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Explore the showrooms at Knole

A lavishly decorated bedroom with a four poster bed hung with embroidered hangings and tapestry hung walls at Knole in Kent
Lady Betty Germain's bedroom at Knole in Kent | © National Trust Images/Andreas von Einsiedel

Knole is home to one of the rarest collections in the world of Stuart-era furniture, paintings and textiles, on show to visitors since the 1600s. Hidden above the grandeur of the showrooms, the attics give a glimpse into the evolution of grand country houses. On a visit to Knole you'll also uncover a simpler side to the grandeur, with the modest rooms in the Gatehouse Tower that Eddy Sackville-West called home.

A historic show house

Knole has been a show house ever since Thomas Sackville first acquired it in 1605, and the incredibly rare collection survives for visitors to explore today. Visitors to Knole have followed the same route around the house for at least the last 400 years.

There's a popular myth (heavily promoted by Vita Sackville-West) that Knole is a calendar house – with 365 rooms, 52 staircases, 12 entrances and seven courtyards. While a fascinating idea, sadly this isn't the case.

The reality is the house was not designed and built in a single phase but is the accumulation of several stages of construction. The house itself encompasses seven acres of roofs and contains around 400 rooms; some are privately occupied while the showrooms continue to be open to visitors.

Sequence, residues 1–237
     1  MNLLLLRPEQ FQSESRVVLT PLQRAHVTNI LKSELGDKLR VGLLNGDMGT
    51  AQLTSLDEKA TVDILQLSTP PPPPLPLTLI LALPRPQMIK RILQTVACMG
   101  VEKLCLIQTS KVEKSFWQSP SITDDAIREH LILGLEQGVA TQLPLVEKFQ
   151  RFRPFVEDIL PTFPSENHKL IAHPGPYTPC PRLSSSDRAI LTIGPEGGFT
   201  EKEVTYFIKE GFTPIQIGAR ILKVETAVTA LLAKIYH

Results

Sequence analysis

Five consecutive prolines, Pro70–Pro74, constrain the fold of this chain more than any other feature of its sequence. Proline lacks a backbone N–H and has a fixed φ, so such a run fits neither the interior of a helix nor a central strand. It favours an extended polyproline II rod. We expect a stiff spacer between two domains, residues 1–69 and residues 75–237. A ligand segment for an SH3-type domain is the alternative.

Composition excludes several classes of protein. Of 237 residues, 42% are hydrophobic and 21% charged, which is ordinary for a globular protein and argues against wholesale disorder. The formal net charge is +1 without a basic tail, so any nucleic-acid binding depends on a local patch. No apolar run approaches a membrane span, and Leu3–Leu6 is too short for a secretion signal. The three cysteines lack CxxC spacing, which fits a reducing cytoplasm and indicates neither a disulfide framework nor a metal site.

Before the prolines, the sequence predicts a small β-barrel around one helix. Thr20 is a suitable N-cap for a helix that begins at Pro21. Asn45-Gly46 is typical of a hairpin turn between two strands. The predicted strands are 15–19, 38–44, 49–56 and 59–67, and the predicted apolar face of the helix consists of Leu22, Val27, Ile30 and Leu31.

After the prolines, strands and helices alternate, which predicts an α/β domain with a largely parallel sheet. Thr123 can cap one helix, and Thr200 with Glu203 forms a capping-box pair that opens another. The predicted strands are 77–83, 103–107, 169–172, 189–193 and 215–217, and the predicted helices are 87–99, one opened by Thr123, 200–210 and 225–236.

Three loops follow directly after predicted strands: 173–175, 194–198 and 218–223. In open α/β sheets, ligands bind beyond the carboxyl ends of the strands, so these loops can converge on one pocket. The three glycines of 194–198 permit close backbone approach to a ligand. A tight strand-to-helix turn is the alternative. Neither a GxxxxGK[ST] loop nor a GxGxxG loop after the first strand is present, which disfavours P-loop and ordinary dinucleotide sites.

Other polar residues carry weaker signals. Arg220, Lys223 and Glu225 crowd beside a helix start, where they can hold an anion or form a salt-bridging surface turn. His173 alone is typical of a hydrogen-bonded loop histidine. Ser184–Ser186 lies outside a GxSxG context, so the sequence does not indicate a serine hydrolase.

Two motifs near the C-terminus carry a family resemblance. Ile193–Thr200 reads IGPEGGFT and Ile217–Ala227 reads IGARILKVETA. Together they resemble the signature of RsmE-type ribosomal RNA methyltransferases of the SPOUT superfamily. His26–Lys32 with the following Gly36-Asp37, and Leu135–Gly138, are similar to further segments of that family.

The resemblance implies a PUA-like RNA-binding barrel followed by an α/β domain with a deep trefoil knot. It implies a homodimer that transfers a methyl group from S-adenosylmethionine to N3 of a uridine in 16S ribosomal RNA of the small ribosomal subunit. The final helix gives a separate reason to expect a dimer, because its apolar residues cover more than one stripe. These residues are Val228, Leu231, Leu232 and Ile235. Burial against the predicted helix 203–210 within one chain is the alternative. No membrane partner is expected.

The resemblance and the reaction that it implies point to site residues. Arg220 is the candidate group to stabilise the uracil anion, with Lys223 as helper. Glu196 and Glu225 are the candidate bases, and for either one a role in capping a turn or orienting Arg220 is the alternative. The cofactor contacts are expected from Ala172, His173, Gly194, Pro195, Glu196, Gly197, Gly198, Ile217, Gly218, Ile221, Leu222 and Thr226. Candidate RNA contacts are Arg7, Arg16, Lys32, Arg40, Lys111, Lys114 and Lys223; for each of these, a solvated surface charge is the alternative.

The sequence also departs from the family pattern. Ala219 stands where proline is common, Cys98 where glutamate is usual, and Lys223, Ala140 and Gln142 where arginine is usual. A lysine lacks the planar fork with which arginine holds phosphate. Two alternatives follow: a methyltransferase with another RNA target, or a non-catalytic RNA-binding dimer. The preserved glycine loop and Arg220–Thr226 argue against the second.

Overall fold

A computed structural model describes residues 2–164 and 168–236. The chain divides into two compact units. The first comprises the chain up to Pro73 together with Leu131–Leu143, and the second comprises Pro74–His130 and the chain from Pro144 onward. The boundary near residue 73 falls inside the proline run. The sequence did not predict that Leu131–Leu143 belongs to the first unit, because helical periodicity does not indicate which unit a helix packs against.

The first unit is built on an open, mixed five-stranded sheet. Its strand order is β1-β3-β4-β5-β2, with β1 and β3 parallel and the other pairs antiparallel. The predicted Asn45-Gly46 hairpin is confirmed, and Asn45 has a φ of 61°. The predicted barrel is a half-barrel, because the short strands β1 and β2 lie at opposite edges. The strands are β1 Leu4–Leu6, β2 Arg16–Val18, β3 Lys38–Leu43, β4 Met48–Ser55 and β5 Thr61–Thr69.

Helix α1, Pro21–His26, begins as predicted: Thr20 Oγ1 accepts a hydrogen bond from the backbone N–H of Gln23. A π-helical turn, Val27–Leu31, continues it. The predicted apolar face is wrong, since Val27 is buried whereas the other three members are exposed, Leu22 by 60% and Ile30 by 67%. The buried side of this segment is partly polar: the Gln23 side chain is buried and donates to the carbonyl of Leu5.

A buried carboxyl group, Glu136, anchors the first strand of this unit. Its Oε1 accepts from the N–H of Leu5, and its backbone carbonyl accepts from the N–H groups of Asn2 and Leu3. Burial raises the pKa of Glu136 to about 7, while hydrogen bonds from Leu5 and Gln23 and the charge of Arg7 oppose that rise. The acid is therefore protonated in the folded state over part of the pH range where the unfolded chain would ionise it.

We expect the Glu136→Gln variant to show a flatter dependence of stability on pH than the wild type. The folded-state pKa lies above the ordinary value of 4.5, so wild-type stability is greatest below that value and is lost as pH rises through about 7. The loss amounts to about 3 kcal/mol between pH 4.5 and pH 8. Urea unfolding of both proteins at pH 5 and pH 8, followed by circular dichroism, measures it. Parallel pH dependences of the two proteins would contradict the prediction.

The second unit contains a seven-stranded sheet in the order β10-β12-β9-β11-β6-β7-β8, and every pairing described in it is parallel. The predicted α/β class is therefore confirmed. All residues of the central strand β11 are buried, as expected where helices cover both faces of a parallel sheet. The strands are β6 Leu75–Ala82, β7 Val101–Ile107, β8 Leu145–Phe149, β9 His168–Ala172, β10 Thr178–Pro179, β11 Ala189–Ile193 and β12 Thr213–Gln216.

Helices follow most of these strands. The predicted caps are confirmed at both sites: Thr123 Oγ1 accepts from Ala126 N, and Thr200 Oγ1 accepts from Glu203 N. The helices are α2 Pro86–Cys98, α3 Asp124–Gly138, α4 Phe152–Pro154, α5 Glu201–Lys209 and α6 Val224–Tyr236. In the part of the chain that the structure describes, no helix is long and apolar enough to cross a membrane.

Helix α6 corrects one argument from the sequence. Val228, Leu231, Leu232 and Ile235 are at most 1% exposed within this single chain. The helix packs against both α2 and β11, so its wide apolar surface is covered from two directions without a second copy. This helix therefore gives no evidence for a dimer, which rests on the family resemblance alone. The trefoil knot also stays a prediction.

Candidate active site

For the last 400 years, the showrooms have been open to visitors rather than inhabited regularly as family rooms. Discover fascinating portraits, textiles, furniture and objects including Stuart-era beds, chairs and tapestries. You are welcome to take photos but please don't use flash, tripods or commercial filming equipment.

What to look out for

  • Visit the Great Hall, dominated by the immense ornamented oak screen dating from 1605, then journey up the highly decorative Great Staircase which will take you to the showrooms.
  • The Spangle Bedroom with its state bed and magnificent textiles embellished with hundreds of silver gilt sequins is a highlight, rivalled only by the James II bed in the Venetian Bedroom.
  • Rare silver furniture can be found in the King's Room. Look out for the story behind the 17th-century Kussenkast (the Dutch word for cushion wardrobe, so named because of its shape), discovered in pieces in the attics.
  • The famous 17th-century Knole Sofa with its distinctive high back and sides has been conserved by the studio and is displayed in the Leicester Gallery, protected by a glass box.
  • The life-size portrait of John Frederick Sackville, 3rd Duke of Dorset (1745-1799) in the Reynolds Room. Painted by Sir Joshua Reynolds (1723-1792) in 1769, the masterpiece was conserved in the onsite Royal Oak Foundation conservation studio. Watch the video below to find out more.

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Conserving an 18th century masterpiece

It took expert conservators, including those working in the Royal Oak Foundation Conservation Studio at Knole, over 500 hours to transform a Reynolds' masterpiece back to glory. Click the video to find out more.

Discover Knole’s attics

The attics at Knole are very different from the rooms you see in the house. Hidden above the grandeur of the showrooms, they give a glimpse into the evolution of grand houses like Knole, reflecting how they were first and foremost family homes as well as show houses.